If you're into yacht racing there really is plenty of choice with most Solent yacht clubs running their own evening race series plus summer weekend race series. Then there is the racing run by JOG and RORC. JOG - the Junior Offshore Group - runs both an inshore and offshore series for yachts racing under IRC with both series proving very popular. RORC - the Royal Ocean Racing Club - organises a series of offshore races from Cowes, which count towards the season's championship. RORC also runs the Fastnet Race and Commodores’ Cup, both biennial events that alternate with each other.

For those who prefer yacht racing on windward-leeward courses, there are ample opportunities for that too. And, if you prefer racing classic yachts even that is catered for, with Cowes Classics Week steadily growing in popularity and attracting some truly gorgeous yachts. 

On the race course 
Even if you are an expert racer and a Solent regular it is really important to remind yourself of the basics well before heading out for the start. These include the type and location of the course, the starting sequence and race signals, and the other important information in the Notice of Race and Sailing Instructions.

Types of course
When racing in the Solent the two most usual types of courses you'll encounter are windward-leeward courses from a committee boat start line or round-the-cans courses, usually from one of the clubs' shore lines or occasionally from a committee boat start. A committee-boat start can be set up in several locations in and around the central Solent but the most used location is on the Hill Head Plateau to the north of the main channel and east of the Brambles Bank. On busy weekends several courses may be set in this area so it is important to find out the approximate location of the committee boat before heading out. A windward-leeward course may have the start line between the windward and leeward marks, as above, or to leeward of the leeward mark. Also, there may be a leeward gate rather than a single mark.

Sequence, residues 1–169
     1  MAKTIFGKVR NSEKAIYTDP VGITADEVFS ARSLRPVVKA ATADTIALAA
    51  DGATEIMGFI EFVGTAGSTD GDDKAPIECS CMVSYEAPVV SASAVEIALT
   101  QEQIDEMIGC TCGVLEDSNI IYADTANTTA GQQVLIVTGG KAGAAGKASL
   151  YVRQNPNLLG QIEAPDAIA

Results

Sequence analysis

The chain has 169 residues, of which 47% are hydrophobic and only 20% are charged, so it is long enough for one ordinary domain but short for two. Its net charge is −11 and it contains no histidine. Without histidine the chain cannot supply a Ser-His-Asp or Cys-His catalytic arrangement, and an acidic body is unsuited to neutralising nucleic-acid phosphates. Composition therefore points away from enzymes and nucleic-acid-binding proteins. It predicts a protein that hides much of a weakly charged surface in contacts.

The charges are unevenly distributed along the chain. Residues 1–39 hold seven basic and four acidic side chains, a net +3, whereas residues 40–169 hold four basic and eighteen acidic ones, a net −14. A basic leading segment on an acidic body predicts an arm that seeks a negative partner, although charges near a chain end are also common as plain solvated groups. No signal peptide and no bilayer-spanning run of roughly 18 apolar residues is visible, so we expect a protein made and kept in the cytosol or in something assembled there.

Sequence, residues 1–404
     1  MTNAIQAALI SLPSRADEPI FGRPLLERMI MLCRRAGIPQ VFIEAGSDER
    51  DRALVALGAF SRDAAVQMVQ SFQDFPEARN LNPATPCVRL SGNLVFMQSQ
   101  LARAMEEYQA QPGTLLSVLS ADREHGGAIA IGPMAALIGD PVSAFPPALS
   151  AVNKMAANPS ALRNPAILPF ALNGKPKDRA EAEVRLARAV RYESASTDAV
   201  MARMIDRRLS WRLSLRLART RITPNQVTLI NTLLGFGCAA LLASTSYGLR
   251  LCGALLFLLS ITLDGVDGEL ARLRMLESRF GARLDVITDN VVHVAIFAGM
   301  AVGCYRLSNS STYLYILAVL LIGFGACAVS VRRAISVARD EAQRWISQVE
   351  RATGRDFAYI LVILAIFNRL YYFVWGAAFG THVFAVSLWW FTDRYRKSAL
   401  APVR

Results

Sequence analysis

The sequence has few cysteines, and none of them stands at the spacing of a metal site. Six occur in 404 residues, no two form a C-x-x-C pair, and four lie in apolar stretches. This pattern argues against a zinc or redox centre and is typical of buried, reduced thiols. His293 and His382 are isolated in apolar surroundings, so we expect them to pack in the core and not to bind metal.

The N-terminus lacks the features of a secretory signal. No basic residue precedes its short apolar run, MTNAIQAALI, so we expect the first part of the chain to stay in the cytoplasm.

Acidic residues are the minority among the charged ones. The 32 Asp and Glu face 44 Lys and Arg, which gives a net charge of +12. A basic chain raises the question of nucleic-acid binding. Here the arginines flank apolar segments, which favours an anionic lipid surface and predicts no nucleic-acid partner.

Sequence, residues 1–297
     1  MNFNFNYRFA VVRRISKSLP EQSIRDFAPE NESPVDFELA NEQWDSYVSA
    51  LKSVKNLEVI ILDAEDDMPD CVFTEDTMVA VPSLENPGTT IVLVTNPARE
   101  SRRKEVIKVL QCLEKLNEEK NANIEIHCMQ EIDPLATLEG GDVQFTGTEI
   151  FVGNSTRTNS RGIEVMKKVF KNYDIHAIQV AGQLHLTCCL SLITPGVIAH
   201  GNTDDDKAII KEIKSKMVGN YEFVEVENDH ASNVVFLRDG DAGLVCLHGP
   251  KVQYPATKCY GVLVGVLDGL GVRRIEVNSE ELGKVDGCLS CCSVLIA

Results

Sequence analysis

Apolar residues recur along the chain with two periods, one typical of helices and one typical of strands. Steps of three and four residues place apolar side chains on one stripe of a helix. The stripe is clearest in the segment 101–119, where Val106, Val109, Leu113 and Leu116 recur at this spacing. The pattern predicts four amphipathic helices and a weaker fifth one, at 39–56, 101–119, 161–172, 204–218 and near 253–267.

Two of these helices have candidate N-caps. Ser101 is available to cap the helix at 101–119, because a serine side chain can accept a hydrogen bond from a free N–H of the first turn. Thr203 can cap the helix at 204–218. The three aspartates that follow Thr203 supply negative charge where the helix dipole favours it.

Starting sequence 
The Racing Rules of Sailing standard start sequence is often used, especially for racing on windward-leeward courses.

The standard sequence (RRS 26) can be changed in the Sailing Instructions (SIs) and for shore line starts from Cowes, for example, it may be changed to give a longer period between the Warning and Preparatory signals. In these cases the Warning signal is given 10 minutes before the start, with the Preparatory signal hoisted at 5 minutes before the start, and lowered at 1 minute before the start.

Racing rules 
All racers should familiarise themselves with the latest Racing Rules of Sailing (RRS) 2009-2012 . They are revised and published every four years by the International Sailing Federation and a copy of the current edition of the RRS, highlighted to show changes, can be downloaded from www.sailing.org/racingrules.php .

Two years on from the publication of the latest rules it is true to say that perhaps as many as half of most fleets haven’t read the latest version and are probably not aware of the most recent changes. Make sure that you read and understand the rules - it will help keep you out of trouble and give you an advantage on the race course. Probably the most important change has been to the definition of zone - the area around a mark - from two lengths of the boat nearer to it, to three lengths. This together with the changes to Rule 18 and the new definition of mark-room, should be understood by all racers.

Signals 
Racing is governed by the use of flag signals, often with accompanying sound signals. The flag is always the primary system; if the sound signal fails it is disregarded.